Continental Divide Trail Hikers Don’t Need Permits in New Mexico Anymore
A new agreement between the federal government and the New Mexico State Land Office will make it easier for hikers to travel the southernmost section of the CDT.
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A new agreement between the Bureau of Land Management and the New Mexico State Land Office will reduce the permitting hassle for hikers trekking the Continental Divide Trail through New Mexico.
Previously, thru-hikers needed to carry permits to travel through state-owned trail sections in New Mexico. As of last week, the two agencies say, state authorities have granted the BLM a right-of-way, meaning permits are no longer necessary. The right-of-way also formally grants the BLM easements to certain sections of the trail, while freeing federal funding for the maintenance and operation for those regions.
The 3,000-mile-long Continental Divide Trail follows the Rocky Mountains from Canada to Mexico through Montana, Idaho, Wyoming, Colorado, and New Mexico. Formally established as a National Scenic Trail in 1978, the CDT is one of the less-traveled long-trails in the United States due to its rugged character. Expanding access to the New Mexico portion of the CDT is just one way that some trail enthusiasts are hoping to put the CDT on the map.
In a news release, Stephanie Garcia Richard, New Mexico’s Commissioner of Public Lands, stated: “We like to say that the State Land Office is open for adventure, and that has never been truer than it is today as this partnership will significantly improve access to one of the world’s most beloved thru-hike trails.”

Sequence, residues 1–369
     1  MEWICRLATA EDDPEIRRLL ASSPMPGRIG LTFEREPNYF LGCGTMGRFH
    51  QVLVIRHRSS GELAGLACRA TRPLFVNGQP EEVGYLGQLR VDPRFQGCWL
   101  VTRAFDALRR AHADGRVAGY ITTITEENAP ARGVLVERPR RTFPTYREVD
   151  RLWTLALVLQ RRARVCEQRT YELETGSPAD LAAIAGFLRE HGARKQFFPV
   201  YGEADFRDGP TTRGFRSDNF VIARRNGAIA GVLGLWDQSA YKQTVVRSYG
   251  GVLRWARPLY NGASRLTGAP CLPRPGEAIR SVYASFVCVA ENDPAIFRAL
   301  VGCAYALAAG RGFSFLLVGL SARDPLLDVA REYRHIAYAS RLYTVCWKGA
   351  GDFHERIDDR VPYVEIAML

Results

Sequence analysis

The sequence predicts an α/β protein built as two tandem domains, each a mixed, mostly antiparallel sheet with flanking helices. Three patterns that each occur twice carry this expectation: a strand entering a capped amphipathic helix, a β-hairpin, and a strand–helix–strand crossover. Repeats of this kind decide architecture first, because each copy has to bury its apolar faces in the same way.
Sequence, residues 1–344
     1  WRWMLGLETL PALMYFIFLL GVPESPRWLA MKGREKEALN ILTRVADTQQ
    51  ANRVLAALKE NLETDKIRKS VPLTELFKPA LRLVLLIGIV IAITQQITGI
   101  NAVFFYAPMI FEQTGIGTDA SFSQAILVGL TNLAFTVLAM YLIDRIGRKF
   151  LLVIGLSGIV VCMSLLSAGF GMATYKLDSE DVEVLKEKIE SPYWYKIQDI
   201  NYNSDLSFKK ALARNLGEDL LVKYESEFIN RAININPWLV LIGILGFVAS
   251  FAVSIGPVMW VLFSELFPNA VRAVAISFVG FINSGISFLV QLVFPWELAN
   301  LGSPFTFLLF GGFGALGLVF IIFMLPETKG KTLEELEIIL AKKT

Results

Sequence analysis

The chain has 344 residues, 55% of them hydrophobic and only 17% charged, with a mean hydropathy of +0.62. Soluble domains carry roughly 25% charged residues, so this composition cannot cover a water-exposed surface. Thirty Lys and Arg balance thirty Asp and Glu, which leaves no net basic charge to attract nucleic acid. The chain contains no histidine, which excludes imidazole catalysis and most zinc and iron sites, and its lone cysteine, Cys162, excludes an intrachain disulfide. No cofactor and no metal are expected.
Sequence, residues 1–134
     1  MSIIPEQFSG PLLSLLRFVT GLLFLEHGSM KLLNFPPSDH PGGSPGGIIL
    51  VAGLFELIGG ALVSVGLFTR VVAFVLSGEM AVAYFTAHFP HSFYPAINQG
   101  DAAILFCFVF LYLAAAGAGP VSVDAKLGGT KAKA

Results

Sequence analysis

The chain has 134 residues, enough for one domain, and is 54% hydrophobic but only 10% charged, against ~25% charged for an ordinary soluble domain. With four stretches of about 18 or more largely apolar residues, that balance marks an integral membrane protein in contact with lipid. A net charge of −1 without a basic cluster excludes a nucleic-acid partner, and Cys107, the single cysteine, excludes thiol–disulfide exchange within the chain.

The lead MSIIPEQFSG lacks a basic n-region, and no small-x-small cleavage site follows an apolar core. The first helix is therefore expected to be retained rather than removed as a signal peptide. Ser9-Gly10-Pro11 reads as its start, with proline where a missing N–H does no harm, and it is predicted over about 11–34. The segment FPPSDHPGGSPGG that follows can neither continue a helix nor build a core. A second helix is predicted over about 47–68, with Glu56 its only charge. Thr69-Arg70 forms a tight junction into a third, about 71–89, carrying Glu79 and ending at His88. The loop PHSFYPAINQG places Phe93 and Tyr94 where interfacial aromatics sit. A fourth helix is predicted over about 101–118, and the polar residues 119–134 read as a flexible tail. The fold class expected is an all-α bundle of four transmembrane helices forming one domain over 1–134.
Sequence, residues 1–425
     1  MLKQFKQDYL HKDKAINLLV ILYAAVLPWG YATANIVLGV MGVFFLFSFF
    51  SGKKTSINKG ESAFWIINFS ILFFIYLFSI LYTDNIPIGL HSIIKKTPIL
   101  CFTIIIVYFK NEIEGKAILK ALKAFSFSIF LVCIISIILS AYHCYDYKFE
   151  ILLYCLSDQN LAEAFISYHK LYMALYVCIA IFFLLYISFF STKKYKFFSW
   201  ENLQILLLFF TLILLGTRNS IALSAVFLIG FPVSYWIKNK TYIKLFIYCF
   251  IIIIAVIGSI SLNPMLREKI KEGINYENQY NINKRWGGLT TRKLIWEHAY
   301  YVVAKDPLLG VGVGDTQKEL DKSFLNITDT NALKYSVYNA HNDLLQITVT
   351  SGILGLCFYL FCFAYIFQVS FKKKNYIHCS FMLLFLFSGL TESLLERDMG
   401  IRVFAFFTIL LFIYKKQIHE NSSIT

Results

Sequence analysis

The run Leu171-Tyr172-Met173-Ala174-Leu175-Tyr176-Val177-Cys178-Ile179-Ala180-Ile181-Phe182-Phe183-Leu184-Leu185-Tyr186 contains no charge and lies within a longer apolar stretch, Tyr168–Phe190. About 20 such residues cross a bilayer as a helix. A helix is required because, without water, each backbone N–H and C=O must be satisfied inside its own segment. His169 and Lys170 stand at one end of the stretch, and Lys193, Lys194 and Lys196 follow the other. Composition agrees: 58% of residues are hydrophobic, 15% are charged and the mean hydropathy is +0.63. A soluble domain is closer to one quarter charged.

The move to expand access on the CDT marks one step of progress in Garcia Richard’s Open for Adventure Program, which is specifically geared towards developing access to some of New Mexico’s most beautiful destinations. It could also make section- and thru-hiking logistically easier.
While the traffic on long-trails like the Appalachian Trail and the Pacific Crest Trail surpasses traffic on the Continental Divide Trail by several thousand people every year, the CDT is still growing. Last year, nearly 900 hikers obtained permits to thru-hike the CDT in New Mexico—nearly four times as many as in past decades—and New Mexico officials are hopeful that the new rules will attract more hikers to the trail.
Besides making new trail development on state-owned land easier, Garcia Richard is hopeful that it could provide a boost to would-be trail communities.
“This will be a boon for recreationalists that will be coming to New Mexico through this trail,” she said. “But it’s also a boon for those communities along the trail, and business owners along the trail.”
CDT thru-hikers still need a recreation permit from the Blackfeet Tribe, as well as backcountry camping permits from Yellowstone and Glacier National Parks.